Answer lies in ascertaining guilt, not reducing punishment
THE argument against the death penalty based on "inconsistency in outcomes" is flawed ("Death penalty for heinous crimes not the answer" by Maruah; last Friday).
There is no single standard penal code for all countries in the world, so why should there be any expectation of "consistency in outcomes"?
There is also no compelling argument that life imprisonment is more fitting for those responsible for the genocides in Rwanda and Bosnia. Some of their surviving victims have to struggle just to keep alive. Many would be crippled physically, emotionally and financially for the rest of their lives.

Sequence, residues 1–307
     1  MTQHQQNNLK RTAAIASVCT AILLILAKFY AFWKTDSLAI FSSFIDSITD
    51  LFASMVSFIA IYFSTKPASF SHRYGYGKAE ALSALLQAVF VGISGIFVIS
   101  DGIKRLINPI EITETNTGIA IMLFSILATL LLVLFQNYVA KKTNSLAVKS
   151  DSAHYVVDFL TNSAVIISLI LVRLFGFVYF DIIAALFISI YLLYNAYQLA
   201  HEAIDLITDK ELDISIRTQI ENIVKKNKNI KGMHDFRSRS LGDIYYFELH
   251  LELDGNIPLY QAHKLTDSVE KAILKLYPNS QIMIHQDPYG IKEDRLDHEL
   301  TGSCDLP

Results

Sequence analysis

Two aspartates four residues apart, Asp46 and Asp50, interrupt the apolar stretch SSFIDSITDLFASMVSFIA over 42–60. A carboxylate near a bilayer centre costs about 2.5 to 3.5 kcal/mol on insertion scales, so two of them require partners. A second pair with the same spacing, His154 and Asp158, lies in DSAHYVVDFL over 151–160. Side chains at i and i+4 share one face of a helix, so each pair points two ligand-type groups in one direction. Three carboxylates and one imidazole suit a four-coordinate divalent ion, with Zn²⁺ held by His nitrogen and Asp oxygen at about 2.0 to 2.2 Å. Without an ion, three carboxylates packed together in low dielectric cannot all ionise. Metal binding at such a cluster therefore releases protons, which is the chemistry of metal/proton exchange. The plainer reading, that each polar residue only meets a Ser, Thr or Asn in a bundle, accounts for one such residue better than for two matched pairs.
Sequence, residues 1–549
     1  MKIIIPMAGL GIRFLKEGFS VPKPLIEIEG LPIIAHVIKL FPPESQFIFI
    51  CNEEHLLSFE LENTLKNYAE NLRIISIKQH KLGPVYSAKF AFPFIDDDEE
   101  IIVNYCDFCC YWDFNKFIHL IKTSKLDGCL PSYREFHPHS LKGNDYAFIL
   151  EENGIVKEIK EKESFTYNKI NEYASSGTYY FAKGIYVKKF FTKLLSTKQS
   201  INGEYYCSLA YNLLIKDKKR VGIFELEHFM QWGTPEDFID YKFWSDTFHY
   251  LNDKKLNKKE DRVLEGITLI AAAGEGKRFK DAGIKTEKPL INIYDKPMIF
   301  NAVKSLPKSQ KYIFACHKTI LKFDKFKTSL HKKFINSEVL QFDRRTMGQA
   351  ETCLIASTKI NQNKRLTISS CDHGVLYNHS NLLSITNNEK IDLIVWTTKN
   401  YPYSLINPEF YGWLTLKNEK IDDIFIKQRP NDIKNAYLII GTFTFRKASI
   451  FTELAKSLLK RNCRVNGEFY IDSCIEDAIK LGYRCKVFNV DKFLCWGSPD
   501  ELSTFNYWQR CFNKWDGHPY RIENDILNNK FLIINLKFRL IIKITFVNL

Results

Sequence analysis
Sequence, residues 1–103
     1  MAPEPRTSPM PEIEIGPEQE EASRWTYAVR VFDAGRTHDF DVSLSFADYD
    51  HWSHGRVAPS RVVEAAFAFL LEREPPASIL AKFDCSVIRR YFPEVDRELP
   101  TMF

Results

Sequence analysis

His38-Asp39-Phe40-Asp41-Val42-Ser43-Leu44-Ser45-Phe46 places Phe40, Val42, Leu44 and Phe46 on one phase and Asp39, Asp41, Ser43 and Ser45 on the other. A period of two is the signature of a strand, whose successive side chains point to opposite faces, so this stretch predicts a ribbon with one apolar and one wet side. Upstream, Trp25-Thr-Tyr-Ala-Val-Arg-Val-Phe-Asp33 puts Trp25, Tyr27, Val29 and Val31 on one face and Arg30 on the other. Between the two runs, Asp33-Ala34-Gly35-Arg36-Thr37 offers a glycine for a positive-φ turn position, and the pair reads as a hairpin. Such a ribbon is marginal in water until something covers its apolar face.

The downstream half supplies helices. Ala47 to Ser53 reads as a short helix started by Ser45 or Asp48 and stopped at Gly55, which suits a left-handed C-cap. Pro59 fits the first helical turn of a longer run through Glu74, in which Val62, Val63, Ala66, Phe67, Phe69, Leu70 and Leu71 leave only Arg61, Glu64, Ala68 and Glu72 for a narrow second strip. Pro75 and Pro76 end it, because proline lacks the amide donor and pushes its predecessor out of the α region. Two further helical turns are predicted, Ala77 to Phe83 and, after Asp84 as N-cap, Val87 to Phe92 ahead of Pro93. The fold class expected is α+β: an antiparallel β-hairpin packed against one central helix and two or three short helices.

Maruah's second argument that no system is foolproof fails to distinguish between the suitability of the punishment and the reliability of the conviction. The innocent should never be convicted even if the punishment is not severe. The area to work on is to ascertain guilt, not to reduce the punishment out of fear of wrongful conviction.
Finally, Maruah denounces using emotive cases to justify the death penalty.
While one should not decide on punishments based wholly on emotions, we should remember that it is human emotions, the sense of justice and sympathy that led to the establishment and development of the justice systems and penal codes throughout the ages. Emotive cases are what led to the abolition of unjust laws in the past, or the repealing of unsuitable punishments.